This does give a warning at compile time because the constant zero is there. What concerns me is when the denominator is a variable that takes the value of zero while the application is running. There is neither a compilation warning nor any indication that a divide by zero is occurring when the application is running.
Bill wrote in news: email@example.com:
The behavior of integer division by 0 is undefined per the C Language standard and, hence, implementation-dependent. On x86, division by 0 produces a hardware exception. On x86 linux, this exception is presented to the program as a signal. However, a conforming implementation may choose to do anything else that is convenient: nothing (leave quotient unmodified), produce random value for the quotient, kill the process.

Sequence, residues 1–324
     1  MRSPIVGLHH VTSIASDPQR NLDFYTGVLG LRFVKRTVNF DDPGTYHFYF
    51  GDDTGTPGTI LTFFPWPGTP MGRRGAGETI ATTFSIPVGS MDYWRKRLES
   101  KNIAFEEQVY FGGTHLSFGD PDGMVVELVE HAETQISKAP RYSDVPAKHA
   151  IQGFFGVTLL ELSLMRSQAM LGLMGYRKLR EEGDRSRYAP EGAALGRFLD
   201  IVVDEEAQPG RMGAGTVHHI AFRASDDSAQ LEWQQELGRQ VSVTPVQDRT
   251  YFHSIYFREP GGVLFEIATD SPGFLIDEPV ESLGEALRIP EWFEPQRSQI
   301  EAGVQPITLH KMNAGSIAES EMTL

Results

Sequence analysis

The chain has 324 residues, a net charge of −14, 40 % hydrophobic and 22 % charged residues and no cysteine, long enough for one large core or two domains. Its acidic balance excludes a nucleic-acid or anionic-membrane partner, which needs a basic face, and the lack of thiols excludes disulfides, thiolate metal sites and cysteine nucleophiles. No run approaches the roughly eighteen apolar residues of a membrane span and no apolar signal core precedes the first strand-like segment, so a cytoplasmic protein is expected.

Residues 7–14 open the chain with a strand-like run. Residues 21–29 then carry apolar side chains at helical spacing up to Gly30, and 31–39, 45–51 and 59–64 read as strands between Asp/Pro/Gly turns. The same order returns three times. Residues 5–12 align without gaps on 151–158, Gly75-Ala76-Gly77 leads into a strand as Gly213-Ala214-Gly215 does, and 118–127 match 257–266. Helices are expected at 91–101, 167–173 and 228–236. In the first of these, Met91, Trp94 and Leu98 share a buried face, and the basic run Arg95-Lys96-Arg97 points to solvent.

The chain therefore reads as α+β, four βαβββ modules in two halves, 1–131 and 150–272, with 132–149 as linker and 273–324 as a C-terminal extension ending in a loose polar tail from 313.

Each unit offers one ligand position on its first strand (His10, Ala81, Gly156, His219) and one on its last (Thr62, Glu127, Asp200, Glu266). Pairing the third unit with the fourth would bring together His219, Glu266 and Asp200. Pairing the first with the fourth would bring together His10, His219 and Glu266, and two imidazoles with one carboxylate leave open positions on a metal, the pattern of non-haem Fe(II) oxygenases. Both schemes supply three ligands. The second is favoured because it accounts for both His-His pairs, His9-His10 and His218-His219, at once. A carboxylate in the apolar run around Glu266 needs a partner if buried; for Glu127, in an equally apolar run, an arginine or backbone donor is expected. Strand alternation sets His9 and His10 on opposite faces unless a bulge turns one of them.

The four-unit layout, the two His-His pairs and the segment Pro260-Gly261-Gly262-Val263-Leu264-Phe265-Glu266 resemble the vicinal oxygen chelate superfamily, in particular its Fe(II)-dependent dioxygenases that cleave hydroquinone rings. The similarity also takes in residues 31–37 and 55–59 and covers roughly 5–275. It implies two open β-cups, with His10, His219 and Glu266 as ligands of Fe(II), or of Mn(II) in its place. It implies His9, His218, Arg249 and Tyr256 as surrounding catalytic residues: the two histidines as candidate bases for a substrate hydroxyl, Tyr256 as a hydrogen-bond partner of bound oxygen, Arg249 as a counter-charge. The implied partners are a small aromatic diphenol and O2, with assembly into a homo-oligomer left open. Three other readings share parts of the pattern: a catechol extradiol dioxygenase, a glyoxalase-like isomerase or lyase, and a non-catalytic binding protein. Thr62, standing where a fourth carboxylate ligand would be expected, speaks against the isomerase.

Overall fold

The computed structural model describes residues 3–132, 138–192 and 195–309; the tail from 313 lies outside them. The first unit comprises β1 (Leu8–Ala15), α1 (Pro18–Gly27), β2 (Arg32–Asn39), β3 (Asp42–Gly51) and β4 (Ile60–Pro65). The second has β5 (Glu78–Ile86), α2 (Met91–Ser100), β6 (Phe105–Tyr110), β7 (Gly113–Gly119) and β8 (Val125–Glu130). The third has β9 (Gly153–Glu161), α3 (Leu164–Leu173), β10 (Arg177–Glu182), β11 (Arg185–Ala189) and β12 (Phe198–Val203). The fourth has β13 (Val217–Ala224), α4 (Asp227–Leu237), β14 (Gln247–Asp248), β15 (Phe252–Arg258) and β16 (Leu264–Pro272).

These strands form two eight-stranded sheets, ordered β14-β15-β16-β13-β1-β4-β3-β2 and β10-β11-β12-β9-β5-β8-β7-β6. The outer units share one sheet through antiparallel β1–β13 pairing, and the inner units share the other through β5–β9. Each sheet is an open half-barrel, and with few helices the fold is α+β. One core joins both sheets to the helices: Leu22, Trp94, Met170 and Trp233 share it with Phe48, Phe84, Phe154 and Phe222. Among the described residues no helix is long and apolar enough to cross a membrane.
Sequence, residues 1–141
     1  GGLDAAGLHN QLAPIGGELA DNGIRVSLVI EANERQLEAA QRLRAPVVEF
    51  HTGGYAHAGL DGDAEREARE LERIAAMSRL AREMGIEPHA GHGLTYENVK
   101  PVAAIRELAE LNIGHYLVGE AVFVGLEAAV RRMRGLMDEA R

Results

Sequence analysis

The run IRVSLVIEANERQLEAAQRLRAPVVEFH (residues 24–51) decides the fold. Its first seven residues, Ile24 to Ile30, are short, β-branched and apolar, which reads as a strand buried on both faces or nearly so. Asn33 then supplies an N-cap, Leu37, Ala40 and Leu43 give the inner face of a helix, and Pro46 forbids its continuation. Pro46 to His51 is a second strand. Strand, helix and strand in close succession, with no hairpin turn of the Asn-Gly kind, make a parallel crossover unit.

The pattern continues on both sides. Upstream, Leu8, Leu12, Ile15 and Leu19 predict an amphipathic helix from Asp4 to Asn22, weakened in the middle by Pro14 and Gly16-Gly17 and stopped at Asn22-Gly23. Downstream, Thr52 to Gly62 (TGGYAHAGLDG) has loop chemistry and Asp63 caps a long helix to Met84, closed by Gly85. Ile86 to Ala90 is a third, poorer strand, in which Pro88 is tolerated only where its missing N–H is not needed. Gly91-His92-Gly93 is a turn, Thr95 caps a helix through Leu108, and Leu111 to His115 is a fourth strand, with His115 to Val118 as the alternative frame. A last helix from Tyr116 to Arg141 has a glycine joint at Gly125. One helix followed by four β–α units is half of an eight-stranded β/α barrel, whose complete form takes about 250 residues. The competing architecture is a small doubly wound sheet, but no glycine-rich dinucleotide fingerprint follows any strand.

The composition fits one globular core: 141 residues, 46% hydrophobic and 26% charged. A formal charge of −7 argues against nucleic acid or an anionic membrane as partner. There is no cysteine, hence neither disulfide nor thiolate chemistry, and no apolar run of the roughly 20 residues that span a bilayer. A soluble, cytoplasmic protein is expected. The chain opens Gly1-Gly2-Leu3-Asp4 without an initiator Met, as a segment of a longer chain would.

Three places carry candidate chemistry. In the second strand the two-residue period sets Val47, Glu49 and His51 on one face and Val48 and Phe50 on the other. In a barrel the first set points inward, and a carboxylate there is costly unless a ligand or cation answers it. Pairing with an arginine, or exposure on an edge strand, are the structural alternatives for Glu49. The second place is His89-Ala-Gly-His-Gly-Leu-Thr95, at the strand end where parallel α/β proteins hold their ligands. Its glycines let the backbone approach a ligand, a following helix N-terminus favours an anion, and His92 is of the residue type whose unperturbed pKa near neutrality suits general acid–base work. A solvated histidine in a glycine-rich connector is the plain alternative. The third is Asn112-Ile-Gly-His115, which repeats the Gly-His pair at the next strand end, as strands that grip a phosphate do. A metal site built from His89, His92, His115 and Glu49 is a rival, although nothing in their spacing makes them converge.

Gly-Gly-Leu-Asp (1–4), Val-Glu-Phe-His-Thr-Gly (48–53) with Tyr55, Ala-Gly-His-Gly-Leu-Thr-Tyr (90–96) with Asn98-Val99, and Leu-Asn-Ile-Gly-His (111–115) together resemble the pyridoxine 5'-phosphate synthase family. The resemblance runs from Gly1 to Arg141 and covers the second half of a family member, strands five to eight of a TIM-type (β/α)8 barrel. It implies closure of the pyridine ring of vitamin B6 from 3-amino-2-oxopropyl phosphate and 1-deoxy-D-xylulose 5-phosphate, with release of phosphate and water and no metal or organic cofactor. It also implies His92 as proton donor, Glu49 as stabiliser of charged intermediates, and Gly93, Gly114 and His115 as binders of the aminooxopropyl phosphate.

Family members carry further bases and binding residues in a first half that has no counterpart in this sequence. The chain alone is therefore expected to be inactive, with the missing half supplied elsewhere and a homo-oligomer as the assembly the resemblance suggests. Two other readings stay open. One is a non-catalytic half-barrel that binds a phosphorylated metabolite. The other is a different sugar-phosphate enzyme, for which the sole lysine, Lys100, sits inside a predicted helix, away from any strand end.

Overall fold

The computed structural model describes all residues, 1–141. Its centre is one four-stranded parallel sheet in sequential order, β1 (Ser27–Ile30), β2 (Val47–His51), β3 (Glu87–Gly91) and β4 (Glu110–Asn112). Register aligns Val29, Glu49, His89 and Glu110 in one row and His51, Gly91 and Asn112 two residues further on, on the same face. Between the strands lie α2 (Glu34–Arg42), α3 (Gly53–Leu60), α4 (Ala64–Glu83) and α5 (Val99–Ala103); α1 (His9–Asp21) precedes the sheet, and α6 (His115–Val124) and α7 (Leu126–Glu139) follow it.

The compiler could insert code that crashes (or produces a signal or whatever behaviour is deemed appropriate) at run-time. But it does not, because the behaviour when not doing an evaluation at compile-time is not to crash or produce a signal. In contrast, on an AMD64 box I also get a warning at compile-time, and a SIGFPE at run-time.
Yes, that's a property of the PowerPC archictecture. AFAIK the theory of the hardware designers was that the compiler should produce code equivalent to:
q=n/d; if (d == 0) raise(SIGFPE);
The idea is that the check would be performed during the latency of the division, so it would usually not cost extra time. So one could make the hardware simpler by not putting in the check there. I may be confusing PowerPC with another RISC architecture (most likely MIPS) wrt this aspect, though.
But obviously gcc does not do this (there does not even seem to be an option to turn this on). Do other C compilers for PowerPC (from IBM, Apple or Motorola generate such code)?
Followups set to comp.os.linux.powerpc.
M. Anton Ertl Some things have to be seen to be believed
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